The Break Line

The Break Line

James Brabazon
ARRSE Rating
3.5 Mushroom Heads
This is a very dark novel, the first by the author. The main character, Max McLean is a killer for the British government who has been doing this job for two decades and is starting to become jaded and making errors. He is Southern Irish but decided to join the British Army, soon being selected for a special sniper school where he is picked. One of his main attributes is that he has no real background history, both parents dead, no family ties. With his attitude to sniping he was thought to be the ideal “legally sane psychopath” and was recruited into a group going by the tag of the Unknowns (UKN). McLean is a very complex character and much of the book takes place in his head, but don’t let that put you off as this is a compelling story. This ploy allows the author to bring in elements from seemingly nowhere but which are explained as the story unravels.

Following a failed assassination in South America where Max identifies the target as the wrong person so does not shoot her he is brought back and briefed, very lightly, on a job in Sierra Leone where he is to take out the leader of a group building a rebel army in that country. This person is a Russian Spetznaz Colonel. Max is poorly briefed, has none of the usual backup, does not know if allies such as the USA are on side or not and has no backup in country other than a name “Juliet” who he is expected to find.

It turns out that she is a barmaid who met one of Max’s colleagues. Prior to going to Sierra Leone, Max is sent to a top secret establishment in England where a friend of his, known as Sonny Boy, is held. This person is former Parachute Regiment and SAS and is the bravest man that Max has ever known yet has been reduced to a psychotic mess by something absolutely terrifying, but which he can’t or won’t describe. He just says to Max “They are coming”. Sonny Boy then attacks Max with demonic strength and Max is forced to kill his friend.

I am getting a bit far into the plot here so I will try to pull back a bit so I don’t spoil the book, should you decide to get it.

There are three other main characters, one a former Hungarian who fled to the UK and is not a Major General in charge of a British military intelligence department, another is the senior man in that department and the third is a civilian who is a senior British officer in the secret world of spooks and spies. Each of these men have a hand in this operation but none of them help Max in carrying this out. He is sent out very much on his own. Max is not too worried about this as he is used to being on his own as an assassination sniper, but is surprised at the lack of back up and support.

Arriving in Sierra Leone Max is met by a driver who is assigned to be his wheels. It turns out that this man’s wife is the aforementioned Juliet, and it is here that reality seem to flee the plot. Again, don’t let this put you off as all becomes clear, if implausible, as the story goes on. Almost as soon as he arrives in SL, Max is under attack with people trying to kill him, but he is not sure who. After finding a friend who can bankroll him and equip him he sets off up country to carry out the task he had actually been sent to do. He quickly finds out that his mission is known to his target along with his personal details and methods. Someone has betrayed him.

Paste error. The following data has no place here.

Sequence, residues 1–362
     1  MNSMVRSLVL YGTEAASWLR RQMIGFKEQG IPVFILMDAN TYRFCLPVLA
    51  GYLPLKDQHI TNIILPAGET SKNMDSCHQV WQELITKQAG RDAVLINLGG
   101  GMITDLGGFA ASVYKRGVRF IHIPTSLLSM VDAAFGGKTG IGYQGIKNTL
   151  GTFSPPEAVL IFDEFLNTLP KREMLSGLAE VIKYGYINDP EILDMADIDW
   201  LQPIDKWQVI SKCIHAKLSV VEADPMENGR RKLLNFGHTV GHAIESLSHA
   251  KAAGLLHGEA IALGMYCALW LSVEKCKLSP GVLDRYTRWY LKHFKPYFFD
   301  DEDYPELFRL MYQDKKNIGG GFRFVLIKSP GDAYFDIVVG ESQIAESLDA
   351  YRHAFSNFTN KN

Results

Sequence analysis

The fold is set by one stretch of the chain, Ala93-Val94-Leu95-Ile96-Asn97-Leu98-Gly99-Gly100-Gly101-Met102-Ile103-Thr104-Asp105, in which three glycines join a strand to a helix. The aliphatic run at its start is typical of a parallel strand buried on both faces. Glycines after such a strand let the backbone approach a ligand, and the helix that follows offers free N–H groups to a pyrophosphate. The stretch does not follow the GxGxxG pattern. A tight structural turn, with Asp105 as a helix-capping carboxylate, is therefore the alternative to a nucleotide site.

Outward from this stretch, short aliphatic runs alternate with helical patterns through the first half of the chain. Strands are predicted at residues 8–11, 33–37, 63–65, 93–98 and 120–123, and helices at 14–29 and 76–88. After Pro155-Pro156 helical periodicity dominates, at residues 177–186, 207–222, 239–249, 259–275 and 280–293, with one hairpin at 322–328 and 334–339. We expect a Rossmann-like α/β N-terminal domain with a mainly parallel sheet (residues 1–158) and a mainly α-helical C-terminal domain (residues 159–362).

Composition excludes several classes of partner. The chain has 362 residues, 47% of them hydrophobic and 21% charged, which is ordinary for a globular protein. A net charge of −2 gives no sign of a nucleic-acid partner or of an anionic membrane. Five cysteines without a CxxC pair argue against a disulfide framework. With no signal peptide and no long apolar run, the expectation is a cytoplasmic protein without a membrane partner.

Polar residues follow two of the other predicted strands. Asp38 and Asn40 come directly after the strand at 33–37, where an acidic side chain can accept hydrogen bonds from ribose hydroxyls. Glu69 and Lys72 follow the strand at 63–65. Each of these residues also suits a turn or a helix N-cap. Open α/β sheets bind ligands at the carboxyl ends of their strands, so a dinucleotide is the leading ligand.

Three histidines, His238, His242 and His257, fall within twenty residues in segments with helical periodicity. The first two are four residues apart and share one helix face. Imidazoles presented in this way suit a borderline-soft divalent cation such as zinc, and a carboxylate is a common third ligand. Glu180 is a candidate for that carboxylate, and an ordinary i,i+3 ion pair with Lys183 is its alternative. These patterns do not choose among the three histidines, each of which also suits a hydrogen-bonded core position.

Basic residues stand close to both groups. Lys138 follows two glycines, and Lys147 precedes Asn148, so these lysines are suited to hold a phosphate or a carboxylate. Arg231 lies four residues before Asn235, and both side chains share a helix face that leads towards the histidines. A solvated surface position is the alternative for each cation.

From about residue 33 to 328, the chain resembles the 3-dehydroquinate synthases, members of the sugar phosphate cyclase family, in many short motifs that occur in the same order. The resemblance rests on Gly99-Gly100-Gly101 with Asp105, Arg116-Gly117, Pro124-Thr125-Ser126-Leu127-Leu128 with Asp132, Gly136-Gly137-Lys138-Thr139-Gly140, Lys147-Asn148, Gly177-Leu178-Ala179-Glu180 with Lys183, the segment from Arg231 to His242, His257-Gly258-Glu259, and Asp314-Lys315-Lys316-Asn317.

We are now about three quarters through the book before he gets down to the task and yet again the author goes off into almost a fantasy world. Again I won’t go into the plot deeply but he takes his shot at the man he has been sent to assassinate – but it is not who he thought this would be and is profoundly shocked – but still carries out the task, or does he? Max then takes on a whole complex of soldiers, both Russian regulars and local Africans and kills most of them escaping the jungle on a helicopter sent from his friend in SL who equipped him.

Mission complete, he returns to England to track down the man who betrayed him and why. Having exposed the traitor Max is offered a form of retirement in taking over command of the sniper school that recruited him so long ago. I guess that we will have to wait for book two to see if he take it up, but the final sentence of the book seems to say no.

Now to the brickbats. The author is a very experienced war correspondent and he has obviously picked up a lot from the soldiers he has talked to and watched over the years and brings a lot of that to the story, but there are loads of irritating bits in the book in which one is saying “that would never happen”. For instance, Max makes the point that he has to carry minimal amount of ammunition yet he shoots someone in the forehead, from close range with a 9mm, then puts two more rounds into the body. No thought for conservation of rounds, he does this more than once. He also has an understanding that there is no such thing as coincidence, yet the whole story is based on a series of coincidences!

That said, the book is well written, as it should be by an experienced journalist, it is easy to read and genuinely does tempt one on to see where the story will go. As I started off saying, it is a very dark novel with plenty of blood, brains and other bodily parts flying around. Park belief for a while and you have a very readable book. I am still a bit unsure where the title fits in to the story though!

3.5 Mr MRHs

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